Teen Drivers

By: Nikki Boyd
By: Nikki Boyd

(Knoxville) WVLT - Should the age to obtain a learners permit be increased to the age of 16, instead of 15?

That's just one of the questions being raised after new data from the National Highway Transportation Safety Administration ranks Tennessee low on teen driving safety.

Forty-fourth out of 50 states and the District of Columbia is where Tennessee ranks, for the lowest number of teen driving deaths.

That means only six states have more teens die in traffic accidents.

The data looks at teens age 16 to 19.

The latest numbers available, for 2005, show 115 teens lost their lives in car crashes.

This includes those in the car, pedestrians, and those on motorcycle or bike.

Nationwide car crashes are the leading cause for teen deaths, especially 16 year olds. Nearly 4,500 died in 2005.

In this particular data, it wasn't just Tennessee ranking poorly, the southern region in general had high fatality rates for teens.

Of the bottom ten this data compiled, half are in the south.

The rate Tennessee teens are dying in car crashes is alerting officials to look at the restrictive teen driving laws passed six years ago.

It's called a graduated driver's license system.

With experience and age teens get more privileges.

Learners permits are allowed at 15. After that, when teens can drive varies.

For example, with an intermediate license you can drive until 11:00 pm.

Tennessee also does not require any type of drivers education to obtain a license, which is gaining a lot of criticism as one of the big reasons we rank so poorly.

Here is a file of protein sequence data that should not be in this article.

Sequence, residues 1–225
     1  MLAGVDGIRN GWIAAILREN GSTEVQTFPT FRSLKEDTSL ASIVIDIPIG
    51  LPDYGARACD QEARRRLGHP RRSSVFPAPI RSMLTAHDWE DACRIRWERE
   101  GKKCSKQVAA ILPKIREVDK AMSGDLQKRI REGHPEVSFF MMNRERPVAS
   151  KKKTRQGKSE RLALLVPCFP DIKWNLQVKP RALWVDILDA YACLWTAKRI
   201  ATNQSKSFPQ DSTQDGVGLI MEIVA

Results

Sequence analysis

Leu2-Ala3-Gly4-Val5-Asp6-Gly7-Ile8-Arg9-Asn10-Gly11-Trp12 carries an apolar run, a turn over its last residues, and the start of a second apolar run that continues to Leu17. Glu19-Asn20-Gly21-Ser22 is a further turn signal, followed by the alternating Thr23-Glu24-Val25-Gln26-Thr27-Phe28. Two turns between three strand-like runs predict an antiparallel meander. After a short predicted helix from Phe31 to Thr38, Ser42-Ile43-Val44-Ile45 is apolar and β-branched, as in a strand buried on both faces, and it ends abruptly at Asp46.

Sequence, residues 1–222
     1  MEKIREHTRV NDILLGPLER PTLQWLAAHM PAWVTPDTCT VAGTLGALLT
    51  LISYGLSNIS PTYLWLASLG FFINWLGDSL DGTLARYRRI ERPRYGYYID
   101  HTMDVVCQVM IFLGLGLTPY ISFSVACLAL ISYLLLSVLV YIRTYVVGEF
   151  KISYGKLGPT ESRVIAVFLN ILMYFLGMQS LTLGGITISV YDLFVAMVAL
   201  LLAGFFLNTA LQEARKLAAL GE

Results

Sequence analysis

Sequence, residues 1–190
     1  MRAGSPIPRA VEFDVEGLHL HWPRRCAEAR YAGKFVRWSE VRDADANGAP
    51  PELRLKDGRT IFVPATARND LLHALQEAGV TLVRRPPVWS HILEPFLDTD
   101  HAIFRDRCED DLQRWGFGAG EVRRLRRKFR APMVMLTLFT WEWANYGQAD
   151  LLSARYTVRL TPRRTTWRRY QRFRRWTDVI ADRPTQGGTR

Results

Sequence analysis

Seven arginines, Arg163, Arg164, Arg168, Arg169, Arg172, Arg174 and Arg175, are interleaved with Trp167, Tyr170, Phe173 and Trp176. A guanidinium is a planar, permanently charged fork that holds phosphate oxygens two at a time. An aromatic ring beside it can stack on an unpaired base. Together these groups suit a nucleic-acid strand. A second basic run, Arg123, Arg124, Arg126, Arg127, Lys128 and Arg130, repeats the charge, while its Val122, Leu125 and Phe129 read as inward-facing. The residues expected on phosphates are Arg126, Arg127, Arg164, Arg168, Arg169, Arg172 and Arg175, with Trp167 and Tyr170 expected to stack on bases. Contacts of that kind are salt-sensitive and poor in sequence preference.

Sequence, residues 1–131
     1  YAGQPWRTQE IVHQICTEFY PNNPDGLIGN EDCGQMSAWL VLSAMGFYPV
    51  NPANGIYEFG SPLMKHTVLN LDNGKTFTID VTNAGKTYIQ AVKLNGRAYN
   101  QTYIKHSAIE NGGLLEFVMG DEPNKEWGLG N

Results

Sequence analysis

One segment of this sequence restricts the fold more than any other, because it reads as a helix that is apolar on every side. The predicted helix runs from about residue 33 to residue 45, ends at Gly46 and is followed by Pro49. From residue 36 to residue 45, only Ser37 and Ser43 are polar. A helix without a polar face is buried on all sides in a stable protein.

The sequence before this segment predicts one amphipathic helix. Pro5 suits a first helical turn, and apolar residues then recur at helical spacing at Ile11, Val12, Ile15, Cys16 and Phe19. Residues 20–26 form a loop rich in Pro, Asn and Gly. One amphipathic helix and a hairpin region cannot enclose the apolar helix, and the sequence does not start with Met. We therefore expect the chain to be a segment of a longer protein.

Some say drivers ed is a must and that the ages in the graduated system need to be modified .

Others wonder if that would make a difference, considering Washington D.C. and New York have some of the fewest teen driver fatalities in the nation, and they have never had mandatory drivers ed.

The newest data for 2006 won't be available until sometime early fall.

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  • by Tony Location: Knoxville on Aug 28, 2007 at 05:12 PM
    I'm not knocking the program referred to in the comment by "Paul from Florida", but it's worth pointing out that he heads up the group sponsoring it (Partners for Highway Safety).
  • by Paul Location: Florida on Aug 20, 2007 at 10:26 PM
    Not a bad story just a little incomplete. Comparing the number of teen deaths in Tennessee to Washington and New York is like comparing apples and watermelons. Drivers ed has never proven effective reducing teenage crashes but the leading cause of teenage crashes is inexperience. What needs to be mandatory is training programs like the Collision Avoidance Training program offered by the Knoxville Police department. Parents, don't wait call the KPD and get your 16 and 17 year old teens enrolled in this life saving program.


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